Some recreational drug users believe their one-off or occasional drug use safeguards them from developing a serious addiction or habit.
But new research has shown changes in the structure of the brain can appear within hours of taking cocaine – in what they say could be the first steps of drug addiction.
The US-led study published in the journal Nature Neuroscience, demonstrated that new brain structures linked to memory and learning began to grow quickly after the drug was taken.
Animal trials conducted on mice linked the changes in the brain with a preference for cocaine, which researchers described as a ‘learning addiction’.
More tiny brain-cell protrusions (or dendritic spines) were detected in mice as soon as two hours after they were injected with their first dose of cocaine, compared to those injected with just water.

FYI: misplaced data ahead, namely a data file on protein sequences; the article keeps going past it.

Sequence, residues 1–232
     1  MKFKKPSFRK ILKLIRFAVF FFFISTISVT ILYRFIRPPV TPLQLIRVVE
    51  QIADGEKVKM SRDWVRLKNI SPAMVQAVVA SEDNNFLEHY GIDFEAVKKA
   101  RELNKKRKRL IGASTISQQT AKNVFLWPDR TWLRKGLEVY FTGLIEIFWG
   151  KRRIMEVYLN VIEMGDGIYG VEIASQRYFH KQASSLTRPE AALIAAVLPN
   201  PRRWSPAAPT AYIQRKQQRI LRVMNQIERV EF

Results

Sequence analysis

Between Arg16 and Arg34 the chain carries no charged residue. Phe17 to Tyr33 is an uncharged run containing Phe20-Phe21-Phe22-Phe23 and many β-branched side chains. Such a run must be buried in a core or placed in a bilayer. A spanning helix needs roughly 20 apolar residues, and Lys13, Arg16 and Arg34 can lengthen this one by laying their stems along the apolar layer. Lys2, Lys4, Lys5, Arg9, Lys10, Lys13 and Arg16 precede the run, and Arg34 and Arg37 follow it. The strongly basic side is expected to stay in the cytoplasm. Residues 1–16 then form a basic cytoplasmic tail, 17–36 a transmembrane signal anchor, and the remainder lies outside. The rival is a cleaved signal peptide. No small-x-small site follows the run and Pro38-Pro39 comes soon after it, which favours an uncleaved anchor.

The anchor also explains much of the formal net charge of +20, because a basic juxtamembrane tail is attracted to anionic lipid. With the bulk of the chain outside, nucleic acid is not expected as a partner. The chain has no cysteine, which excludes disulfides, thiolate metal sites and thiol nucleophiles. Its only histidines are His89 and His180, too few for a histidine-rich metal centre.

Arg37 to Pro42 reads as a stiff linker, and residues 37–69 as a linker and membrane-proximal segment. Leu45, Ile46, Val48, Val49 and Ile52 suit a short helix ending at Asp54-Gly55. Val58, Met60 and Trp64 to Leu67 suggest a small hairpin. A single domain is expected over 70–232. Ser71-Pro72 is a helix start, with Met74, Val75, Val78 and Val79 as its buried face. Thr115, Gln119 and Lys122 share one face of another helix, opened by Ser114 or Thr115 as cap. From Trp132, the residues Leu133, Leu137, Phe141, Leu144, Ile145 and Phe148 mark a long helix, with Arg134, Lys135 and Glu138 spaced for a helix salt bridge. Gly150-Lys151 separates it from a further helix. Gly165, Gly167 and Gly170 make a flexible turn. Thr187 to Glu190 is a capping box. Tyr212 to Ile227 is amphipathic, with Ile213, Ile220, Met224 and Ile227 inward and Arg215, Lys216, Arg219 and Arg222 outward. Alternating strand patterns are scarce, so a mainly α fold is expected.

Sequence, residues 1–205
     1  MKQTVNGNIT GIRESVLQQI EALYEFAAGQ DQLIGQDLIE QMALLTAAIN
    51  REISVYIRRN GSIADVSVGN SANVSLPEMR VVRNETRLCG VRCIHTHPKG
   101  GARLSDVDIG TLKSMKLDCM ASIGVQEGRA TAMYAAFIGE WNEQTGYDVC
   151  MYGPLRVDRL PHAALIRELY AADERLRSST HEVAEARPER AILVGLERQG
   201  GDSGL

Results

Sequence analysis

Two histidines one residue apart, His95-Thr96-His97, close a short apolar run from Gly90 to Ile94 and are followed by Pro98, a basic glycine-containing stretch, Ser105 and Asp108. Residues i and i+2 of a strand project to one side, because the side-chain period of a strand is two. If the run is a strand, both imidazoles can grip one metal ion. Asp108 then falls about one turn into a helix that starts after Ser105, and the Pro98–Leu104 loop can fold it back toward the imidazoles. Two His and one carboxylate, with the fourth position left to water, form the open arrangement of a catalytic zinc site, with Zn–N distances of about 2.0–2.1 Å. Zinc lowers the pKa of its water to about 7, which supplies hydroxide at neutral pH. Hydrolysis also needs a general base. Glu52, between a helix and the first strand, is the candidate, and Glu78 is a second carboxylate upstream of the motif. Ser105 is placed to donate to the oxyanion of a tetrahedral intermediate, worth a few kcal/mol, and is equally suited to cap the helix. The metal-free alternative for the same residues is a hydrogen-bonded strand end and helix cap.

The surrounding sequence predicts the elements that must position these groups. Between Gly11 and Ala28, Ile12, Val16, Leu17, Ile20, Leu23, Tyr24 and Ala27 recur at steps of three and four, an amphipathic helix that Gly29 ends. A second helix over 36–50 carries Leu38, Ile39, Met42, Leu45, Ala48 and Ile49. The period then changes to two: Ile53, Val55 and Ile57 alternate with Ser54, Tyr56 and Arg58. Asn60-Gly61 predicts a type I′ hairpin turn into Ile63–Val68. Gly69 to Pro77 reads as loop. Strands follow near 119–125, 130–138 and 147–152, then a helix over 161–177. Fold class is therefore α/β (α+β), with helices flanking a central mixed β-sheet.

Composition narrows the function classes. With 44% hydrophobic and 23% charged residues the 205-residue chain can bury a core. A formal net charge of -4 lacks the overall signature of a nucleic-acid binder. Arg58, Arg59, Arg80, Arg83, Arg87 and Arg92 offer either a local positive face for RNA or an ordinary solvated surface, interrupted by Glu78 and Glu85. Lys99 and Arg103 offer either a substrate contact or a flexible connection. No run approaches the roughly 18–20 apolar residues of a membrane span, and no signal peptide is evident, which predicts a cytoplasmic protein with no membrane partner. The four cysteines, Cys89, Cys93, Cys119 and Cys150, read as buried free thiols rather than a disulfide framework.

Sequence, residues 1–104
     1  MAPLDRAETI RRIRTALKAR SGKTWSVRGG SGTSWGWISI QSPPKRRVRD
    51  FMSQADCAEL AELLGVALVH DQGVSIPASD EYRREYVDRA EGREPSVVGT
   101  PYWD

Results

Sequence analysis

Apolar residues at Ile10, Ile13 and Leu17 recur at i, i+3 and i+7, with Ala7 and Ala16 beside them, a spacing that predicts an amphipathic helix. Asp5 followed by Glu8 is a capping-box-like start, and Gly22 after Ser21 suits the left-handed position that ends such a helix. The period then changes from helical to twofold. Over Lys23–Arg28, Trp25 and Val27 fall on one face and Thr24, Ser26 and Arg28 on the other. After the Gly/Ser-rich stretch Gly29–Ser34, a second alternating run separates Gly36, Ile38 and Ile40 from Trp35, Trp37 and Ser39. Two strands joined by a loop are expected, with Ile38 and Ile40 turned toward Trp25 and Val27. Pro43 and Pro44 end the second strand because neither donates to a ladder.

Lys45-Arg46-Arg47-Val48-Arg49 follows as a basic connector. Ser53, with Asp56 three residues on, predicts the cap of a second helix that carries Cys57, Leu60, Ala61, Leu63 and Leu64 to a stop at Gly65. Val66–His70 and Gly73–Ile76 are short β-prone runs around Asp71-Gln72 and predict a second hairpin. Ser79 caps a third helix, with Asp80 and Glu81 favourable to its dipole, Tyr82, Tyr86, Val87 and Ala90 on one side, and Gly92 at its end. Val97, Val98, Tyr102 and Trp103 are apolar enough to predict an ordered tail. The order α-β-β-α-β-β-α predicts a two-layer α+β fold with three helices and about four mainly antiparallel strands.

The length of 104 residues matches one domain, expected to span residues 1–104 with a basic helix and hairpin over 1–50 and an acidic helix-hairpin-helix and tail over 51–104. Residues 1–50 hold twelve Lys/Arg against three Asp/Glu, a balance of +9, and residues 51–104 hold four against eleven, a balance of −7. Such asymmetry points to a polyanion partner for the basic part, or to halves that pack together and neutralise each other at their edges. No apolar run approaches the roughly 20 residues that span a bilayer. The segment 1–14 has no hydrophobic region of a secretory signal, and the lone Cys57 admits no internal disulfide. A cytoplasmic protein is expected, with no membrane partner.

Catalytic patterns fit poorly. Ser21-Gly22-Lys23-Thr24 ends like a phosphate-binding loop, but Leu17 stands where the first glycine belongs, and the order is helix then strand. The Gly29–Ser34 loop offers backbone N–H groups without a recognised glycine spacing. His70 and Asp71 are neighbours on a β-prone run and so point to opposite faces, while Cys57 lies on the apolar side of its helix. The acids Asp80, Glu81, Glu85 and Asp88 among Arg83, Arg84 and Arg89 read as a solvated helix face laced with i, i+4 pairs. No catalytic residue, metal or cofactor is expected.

New spines are related to memory formation in the brain, so the results suggest new memories being formed around the time of drug use.
“Our images provide clear evidence that cocaine induces rapid gains in new spines, and the more spines the mice gain, the more they show they learned about the drug,” said Linda Wilbrecht, assistant professor of psychology and neuroscience at the University of Berkeley and one of the study’s researchers.
“This gives us a possible mechanism for how drug use fuels further drug-seeking behaviour,” Wilbrecht told reporters of the research’s insights into how addiction occurs.
“These drug-induced changes in the brain may explain how drug-related cues come to dominate decision making in a human drug user,” she argued.
While it is yet unclear how the information can be used to develop a therapy for drug addiction, it does aid our understanding of how the addiction or habit can occur.
The study also highlights that all drug users, including those who abuse drugs recreationally, are at risk of developing an addiction.